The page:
Last Saturday’s opening of the Tang Contemporary’s latest group exhibition, DIY, brought out local artists and enthusiasts alike. Cai Guo Qiang made an appearance, took a quick tour of the work on display, graciously attended to a crowd of telephotos, and slipped away before the scrum became too agressive.
The stated theme of the show is freedom from a curatorial viewpoint. How exactly this is possible, since the artists were ‘selected’ to take part in the exhibition, eludes me, but here you have it from the gallery: “Nowadays, the exhibition of contemporary art normally requires a curator, this has already become an established system, and the operation of this system has increasingly led to a situation of the monopoly of art resources, the power has been within the hands and minds of a few people. Curatorial system comes from the West, the original idea was to insure the artistic quality of exhibition and to lead the art direction in levels of theory and ideology. It’s not to say that there is anything wrong with the system itself, human society needs discipline and system, but they are more functional in terms of social economy and social structure. In regarding contemporary art especially, its unique value and meaning is largely contributed by its gesture of independence from mainstream society and its critical manner towards system and authority. So the upcoming exhibition that will be accommodated in Tang Contemporary Art Beijing in March is just such an activity that consciously rejects the conventional idea of curatorial system. The exhibition actually will be curated by the participant artists themselves, it’s going to be an exhibition of autonomy. The artists try to break up with the very idea of fitting into the thematical frame work set up by curators for each exhibition by organizing an art show themselves. This way will certainly endow them with more freedom and liberty in terms of artistic creativity. Most participant artists are quite young, some of them have already acquired their reputation internationally, and some of them have just stepped on the stage. They declare that they are not against curatorship itself and therefore the system, they just want to explore an alternative way that enable artist enjoying doing their work more freely.”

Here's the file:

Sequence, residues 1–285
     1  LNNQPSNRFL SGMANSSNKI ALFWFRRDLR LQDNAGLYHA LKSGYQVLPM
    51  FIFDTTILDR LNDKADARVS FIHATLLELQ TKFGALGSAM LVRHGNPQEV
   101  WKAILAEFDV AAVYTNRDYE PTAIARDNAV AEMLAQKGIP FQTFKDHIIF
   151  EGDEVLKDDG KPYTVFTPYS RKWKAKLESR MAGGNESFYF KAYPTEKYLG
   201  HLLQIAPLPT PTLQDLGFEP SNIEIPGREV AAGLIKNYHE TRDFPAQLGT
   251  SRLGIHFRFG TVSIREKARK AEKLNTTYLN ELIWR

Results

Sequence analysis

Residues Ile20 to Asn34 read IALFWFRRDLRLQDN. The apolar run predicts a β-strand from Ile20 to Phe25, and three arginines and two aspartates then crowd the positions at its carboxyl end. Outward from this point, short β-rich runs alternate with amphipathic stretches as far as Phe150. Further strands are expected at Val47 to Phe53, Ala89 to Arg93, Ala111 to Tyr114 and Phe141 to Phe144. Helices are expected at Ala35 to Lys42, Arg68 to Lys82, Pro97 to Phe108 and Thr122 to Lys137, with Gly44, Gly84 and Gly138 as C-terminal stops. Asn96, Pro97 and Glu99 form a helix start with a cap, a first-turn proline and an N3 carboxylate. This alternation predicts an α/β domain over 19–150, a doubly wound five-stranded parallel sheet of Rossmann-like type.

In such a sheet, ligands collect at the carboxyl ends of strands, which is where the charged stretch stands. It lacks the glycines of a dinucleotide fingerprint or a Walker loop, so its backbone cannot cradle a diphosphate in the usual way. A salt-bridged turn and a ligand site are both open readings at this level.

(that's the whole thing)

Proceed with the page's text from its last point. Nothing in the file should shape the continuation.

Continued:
Two of the more memorable pieces in the show:
He Chi’s East Wind consisted of about 40 workers, a flag, flagpole and 40 strips of rubber hose. The workers climbed into a pit and were instructed to blow into hoses as hard as they could in an attempt to raise up the Chinese flag at the top of the pole. Immediately following the performance, they were taken outside of the gallery where they were paid in cash for their efforts.
I like wolves and wolves like me. Qin Ga’s wolf was set to howl whenever a viewer approached.